CPPIB: Where a "single" really isn't a single

4 responses

  1. Jim Jensen says:

    Mark, I agree with the vast majority of your previous comments with regards to the CPPIB, as well as that returns should be reported net of costs. However, we diverge a little on the topic of last quarter’s return; I think your dislike for their polices may be clouding the issue a wee bit. As a portfolio manager, I can say 90-day returns can’t be used to suggest that a manager isn’t doing a fine job just because the quarter isn’t tracking their annual “target” (6% let’s call it in this case). Portfolios with market-traded risk assets don’t move in a linear manner; they move in fits and starts. We both know that the only value that can be derived from short term numbers (if there is any value at all) is a relative comparison with a legitimate benchmark; I blame this confusion on the CPPIB, as well as the industry as a whole. The CPPIB should release the numbers, net of costs, along with how the “benchmark” did to give its members a realistic comparison on how it did in any given time period. This provides the absolute number as well as a comparison to a passive approach; informing clients (us) how the managers are doing compared to what happened in the quarter in the markets in general (as it’s not fair to suggest, for example, that a 1.1% isn’t a good quarter if the benchmark was down 4%!). Just my two-cents…keep up the good work.

  2. Jim Jensen says:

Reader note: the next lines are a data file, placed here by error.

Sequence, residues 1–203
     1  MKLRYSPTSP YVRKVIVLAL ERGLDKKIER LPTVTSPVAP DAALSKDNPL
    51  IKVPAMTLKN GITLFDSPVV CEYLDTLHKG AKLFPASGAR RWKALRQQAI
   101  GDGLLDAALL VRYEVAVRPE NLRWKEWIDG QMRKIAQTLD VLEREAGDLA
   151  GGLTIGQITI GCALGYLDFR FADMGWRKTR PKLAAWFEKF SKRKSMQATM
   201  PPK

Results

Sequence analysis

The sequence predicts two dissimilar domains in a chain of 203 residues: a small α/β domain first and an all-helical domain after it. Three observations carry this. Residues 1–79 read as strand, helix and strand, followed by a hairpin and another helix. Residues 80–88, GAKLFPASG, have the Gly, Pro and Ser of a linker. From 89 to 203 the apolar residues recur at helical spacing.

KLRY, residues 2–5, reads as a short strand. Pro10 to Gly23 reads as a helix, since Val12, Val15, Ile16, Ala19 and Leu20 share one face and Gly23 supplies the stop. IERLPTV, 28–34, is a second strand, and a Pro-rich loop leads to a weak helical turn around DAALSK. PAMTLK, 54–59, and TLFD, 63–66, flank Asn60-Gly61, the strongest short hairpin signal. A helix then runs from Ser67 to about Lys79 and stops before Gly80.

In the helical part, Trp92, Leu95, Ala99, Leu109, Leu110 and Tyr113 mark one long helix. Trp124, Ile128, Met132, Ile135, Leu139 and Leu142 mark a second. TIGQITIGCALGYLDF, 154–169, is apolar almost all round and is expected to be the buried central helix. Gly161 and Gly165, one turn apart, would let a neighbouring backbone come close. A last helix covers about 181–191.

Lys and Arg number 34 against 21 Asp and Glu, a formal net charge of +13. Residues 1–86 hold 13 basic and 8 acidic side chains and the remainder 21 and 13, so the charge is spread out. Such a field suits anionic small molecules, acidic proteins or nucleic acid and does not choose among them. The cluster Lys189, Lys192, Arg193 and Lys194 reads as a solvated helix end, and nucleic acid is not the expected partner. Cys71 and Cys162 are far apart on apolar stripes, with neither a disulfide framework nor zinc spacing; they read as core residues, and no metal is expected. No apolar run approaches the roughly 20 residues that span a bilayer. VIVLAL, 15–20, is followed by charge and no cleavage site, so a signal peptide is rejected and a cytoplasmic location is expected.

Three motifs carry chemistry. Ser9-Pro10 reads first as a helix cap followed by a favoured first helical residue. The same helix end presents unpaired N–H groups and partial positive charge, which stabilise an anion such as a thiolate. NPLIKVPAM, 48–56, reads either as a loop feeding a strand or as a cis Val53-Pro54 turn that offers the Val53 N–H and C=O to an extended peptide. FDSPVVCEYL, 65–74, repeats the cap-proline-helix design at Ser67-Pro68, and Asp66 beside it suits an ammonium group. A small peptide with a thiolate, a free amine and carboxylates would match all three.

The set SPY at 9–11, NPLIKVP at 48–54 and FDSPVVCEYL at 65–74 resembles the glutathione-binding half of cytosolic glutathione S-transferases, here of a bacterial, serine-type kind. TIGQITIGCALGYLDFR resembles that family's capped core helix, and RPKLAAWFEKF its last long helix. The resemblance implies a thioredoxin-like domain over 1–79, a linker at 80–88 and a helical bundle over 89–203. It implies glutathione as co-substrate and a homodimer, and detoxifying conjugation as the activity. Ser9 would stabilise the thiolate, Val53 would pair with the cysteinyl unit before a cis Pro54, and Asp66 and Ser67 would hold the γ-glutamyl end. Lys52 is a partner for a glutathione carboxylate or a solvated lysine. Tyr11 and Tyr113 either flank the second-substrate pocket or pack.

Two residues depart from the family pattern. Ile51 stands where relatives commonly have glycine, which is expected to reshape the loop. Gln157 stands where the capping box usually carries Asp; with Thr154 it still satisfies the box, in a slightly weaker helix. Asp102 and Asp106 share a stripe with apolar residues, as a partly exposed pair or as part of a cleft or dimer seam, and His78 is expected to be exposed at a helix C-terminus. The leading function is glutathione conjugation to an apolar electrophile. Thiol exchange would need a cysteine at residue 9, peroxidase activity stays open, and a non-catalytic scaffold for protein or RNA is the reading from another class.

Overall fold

Just to clarify Mark, I wasn’t suggesting that it was a good quarter, only that without a benchmark comparison we can’t say if it were good or not. I took a quick look at Russell Asset Management’s global balanced mandate and it looks like it had a slight negative return during the quarter (they would have had a tailwind from the currency change as well, so it’s a pretty good benchmark). It that’s the case, perhaps CPPIB did have a single for the quarter. The only way to know for sure is to look at a reasonable “peer” group and see where CPPIB ranks; a small group of global balanced “wrap” funds would suffice to see how they did relative to the markets, and therefore be able to objectively determine if they did indeed have a single, or an in-field fly…IMHO.

    • Mark McQueen says:

      Hi Jim

      What’s the Russell peer group’s 5 year gross and net return figure?

      According to CPPIB’s own financial report, even they think the team has produced $1.8 billion of negative value-add over a four year period as compared to their own benchmark.


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